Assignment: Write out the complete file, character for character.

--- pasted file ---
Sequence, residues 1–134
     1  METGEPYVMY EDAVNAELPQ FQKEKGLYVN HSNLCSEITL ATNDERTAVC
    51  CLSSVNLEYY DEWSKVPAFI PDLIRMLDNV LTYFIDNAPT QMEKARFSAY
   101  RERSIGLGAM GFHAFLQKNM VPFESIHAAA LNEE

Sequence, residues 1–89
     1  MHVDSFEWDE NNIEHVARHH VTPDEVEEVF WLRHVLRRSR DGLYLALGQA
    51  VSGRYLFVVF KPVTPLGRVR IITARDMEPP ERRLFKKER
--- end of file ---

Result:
Sequence, residues 1–134
     1  METGEPYVMY EDAVNAELPQ FQKEKGLYVN HSNLCSEITL ATNDERTAVC
    51  CLSSVNLEYY DEWSKVPAFI PDLIRMLDNV LTYFIDNAPT QMEKARFSAY
   101  RERSIGLGAM GFHAFLQKNM VPFESIHAAA LNEE

Sequence, residues 1–89
     1  MHVDSFEWDE NNIEHVARHH VTPDEVEEVF WLRHVLRRSR DGLYLALGQA
    51  VSGRYLFVVF KPVTPLGRVR IITARDMEPP ERRLFKKER